“We had a rocky start,” Goebel said. “When we were given permission by the IHSAA to actually meet and have limited practices, the quarantines hit immediately and delayed the start of our practices by a week. Many felt that, with such a young team overall, we were falling further behind our opponents. Perhaps it was a good lesson in the long run. Players, coaches, officials all learned the seriousness of the pandemic.”
Mater Dei had issues like every team but the Wildcats soldiered on.
“By the end of the season, we were playing much improved ball when we lost 19 players for the last two games to quarantine,” Goebel said. “We dressed more freshmen for varsity and still competed. We were fortunate. Our situation was much like so many teams. But we were able to play. Some teams were not so lucky.”
Although Mater Dei overcame a slow start and made a postseason push, Goebel admitted it was indeed a crazy season. For example, playing Reitz for the West Side Nut Club Trophy before a smattering of spectators at the Reitz Bowl because of COVID-19 crowd restrictions.
“Not having the crowds and our student section did have an impact and we missed the energy that our crowds can generate,” Goebel said. “Playing in the Reitz Bowl for the Nut Club Trophy before a stadium that was nearly empty, that was tough. But we did play, molded more closely I think, and had such a great time together. Every day on the practice field as well as every Friday night game, well, they were cherished. Things seemed to be closer to normal for us and for our school community. To add solid improvement and an eight-game win streak, that was icing.
“In the end looking back, as was stated prior to the season’s beginning, the greatest victories of this season were won by just being able to practice and to play the games.”
4. Khristian Lander leaves early for IU
Khristian Lander was a 5-star recruit who would’ve been a top Mr. Basketball candidate this winter. But he was coaxed by Indiana University coach Archie Miller to graduate early from Reitz High School and forego his senior season on The Hill or at a prep school.
While some thought he should’ve been more cautious, Lander proved he was ready for the Big Ten through his early-season play with the Hoosiers. Keith Lander, Khristian’s father, takes us through his son’s thought process last spring.
After narrowing down his list of schools to four – IU, Louisville, Memphis and Michigan – Khristian continued to build relationships with those schools. He averaged 21 points, 6.0 rebounds and 4.6 assists in leading Reitz to a Class 4A sectional championship and a 17-7 record in earning all-state honors as a junior.
“Most in-depth conversations about reclassification came from IU,” Keith said. “Those conversations brought to light the advantages of reclassifying versus prep school.
“Prep was the next chapter. Once he decided on where he wanted to go, it was really a no-brainer to reclass. What other way to prepare for college than going to college?”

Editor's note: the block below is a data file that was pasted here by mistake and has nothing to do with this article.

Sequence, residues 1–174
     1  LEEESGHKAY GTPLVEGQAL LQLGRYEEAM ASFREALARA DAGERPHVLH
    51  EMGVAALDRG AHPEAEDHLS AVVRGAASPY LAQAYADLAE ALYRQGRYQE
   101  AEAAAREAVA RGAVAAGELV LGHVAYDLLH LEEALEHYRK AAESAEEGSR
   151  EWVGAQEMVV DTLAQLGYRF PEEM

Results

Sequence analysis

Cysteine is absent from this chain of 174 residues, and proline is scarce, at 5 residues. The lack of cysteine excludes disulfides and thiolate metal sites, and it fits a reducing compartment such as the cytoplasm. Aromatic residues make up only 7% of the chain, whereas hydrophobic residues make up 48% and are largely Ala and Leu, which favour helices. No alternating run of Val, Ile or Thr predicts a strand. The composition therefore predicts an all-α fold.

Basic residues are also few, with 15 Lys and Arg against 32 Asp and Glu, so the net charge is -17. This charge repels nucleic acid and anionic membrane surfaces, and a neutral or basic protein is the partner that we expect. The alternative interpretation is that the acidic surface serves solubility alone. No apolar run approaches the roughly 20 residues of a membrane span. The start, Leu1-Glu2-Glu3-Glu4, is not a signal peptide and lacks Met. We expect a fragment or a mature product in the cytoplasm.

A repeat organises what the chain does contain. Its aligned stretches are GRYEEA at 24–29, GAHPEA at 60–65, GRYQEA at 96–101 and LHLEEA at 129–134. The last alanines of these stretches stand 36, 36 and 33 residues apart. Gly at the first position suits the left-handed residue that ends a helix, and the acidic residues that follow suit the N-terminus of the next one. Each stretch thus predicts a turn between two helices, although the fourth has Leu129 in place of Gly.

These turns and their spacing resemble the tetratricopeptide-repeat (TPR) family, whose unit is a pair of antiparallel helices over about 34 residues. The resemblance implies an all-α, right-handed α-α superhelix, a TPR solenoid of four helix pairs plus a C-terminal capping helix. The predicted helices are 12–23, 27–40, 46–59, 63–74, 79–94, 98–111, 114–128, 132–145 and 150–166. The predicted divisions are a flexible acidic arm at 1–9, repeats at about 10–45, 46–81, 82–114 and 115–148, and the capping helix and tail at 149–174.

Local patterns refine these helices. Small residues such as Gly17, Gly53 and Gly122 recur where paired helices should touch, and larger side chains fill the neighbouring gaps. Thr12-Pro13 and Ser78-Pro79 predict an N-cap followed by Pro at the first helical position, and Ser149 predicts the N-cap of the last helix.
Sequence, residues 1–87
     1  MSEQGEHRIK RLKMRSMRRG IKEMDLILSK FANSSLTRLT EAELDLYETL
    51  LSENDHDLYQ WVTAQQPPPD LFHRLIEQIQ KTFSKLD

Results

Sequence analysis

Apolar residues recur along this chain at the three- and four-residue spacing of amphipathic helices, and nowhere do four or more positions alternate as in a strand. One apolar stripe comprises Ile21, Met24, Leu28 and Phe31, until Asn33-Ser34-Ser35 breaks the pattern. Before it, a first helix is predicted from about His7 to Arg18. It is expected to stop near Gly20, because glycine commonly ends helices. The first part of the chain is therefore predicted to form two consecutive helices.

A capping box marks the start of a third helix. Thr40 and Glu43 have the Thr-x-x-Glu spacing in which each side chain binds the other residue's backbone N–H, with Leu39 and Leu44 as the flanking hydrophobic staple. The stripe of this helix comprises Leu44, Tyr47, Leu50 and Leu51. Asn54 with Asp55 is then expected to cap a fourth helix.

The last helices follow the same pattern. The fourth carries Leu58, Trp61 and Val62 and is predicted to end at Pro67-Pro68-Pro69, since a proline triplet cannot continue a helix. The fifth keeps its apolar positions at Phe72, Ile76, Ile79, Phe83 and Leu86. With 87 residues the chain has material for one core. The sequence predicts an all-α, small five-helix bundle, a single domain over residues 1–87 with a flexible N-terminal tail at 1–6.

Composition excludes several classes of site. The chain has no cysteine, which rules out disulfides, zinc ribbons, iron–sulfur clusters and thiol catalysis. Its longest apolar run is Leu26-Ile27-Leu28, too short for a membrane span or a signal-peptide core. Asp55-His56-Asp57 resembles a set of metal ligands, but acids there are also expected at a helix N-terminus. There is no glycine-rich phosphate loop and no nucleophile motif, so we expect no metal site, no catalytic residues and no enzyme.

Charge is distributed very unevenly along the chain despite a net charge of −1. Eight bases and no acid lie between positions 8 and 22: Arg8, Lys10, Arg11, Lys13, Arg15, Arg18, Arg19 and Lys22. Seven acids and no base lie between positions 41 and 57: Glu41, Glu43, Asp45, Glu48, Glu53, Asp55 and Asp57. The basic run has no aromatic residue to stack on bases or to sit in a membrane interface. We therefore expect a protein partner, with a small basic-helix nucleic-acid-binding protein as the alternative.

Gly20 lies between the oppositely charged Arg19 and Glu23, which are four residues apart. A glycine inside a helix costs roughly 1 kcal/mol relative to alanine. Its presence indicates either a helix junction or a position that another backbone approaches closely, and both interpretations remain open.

At worst, you redshirt, they reasoned.
“He would have still been able to benefit physically and mentally,” Keith said. “But, all of this was/is a very difficult situation. Trying to mentally prepare to go to college a year early (within six months of decision). Completing four courses on top of his regular junior year courses at the beginning. Already being behind a year, arriving late; not participating in summer workouts. But again how could better prepare? And then there is COVID-19.
“That is an obstacle by itself without all the other things. It’s been a challenge but it’s a good challenge for his growth as a player and better yet as a young man.”
5. Stan Gouard returns to USI
Welcome home, “Superman.” Regarded as one of the University of Southern Indiana’s best players ever, Stan Gouard came back to the far West Side as Eagles coach following Rodney Watson’s retirement.
Gouard was an integral figure in the most glorious era in Eagles’ men’s basketball history, when they seemingly knew no bounds. Nicknamed “Superman” for his high-flying antics, he lifted the Eagles to the 1995 NCAA Division II championship and a second-place finish in ’94 under Bruce Pearl. Gouard played professionally in Sweden, Colombia and Mexico and with the Des Moines Dragons of the International Basketball Association.
After his playing days were over, he made his mark as head coach at the University of Indianapolis, USI’s Great Lakes Valley Conference rival. He guided the Greyhounds to eight NCAA tournament appearances in 12 seasons. Gouard was named GLVC Coach of the Year in 2014.
Of course, several other stories in this crazy year deserve mention. Most prominently are Don Mattingly being named National League Manager of the Year and Evansville’s pro sports teams, the Otters and Thunderbolts, losing their seasons.
Mattingly guided the Miami Marlins to a 31-29 record and their first playoff berth since 2003 despite a COVID outbreak at the beginning of the season and making 174 roster moves in a 60-game season. He showed a steady hand at the wheel after finishing 57-105 the year before.
Bosse Field underwent a $5 million renovation in the offseason, but the Otters were unable to show off the grand old ballpark. Evansville and its Frontier League counterp did not play last summer.
Five of the 10 teams in the Southern Professional Hockey League did play, but the Thunderbolts were among those who sat out a shortened 42-game regular season.
Contact Gordon Engelhardt at email@example.com or on Twitter @EngGordon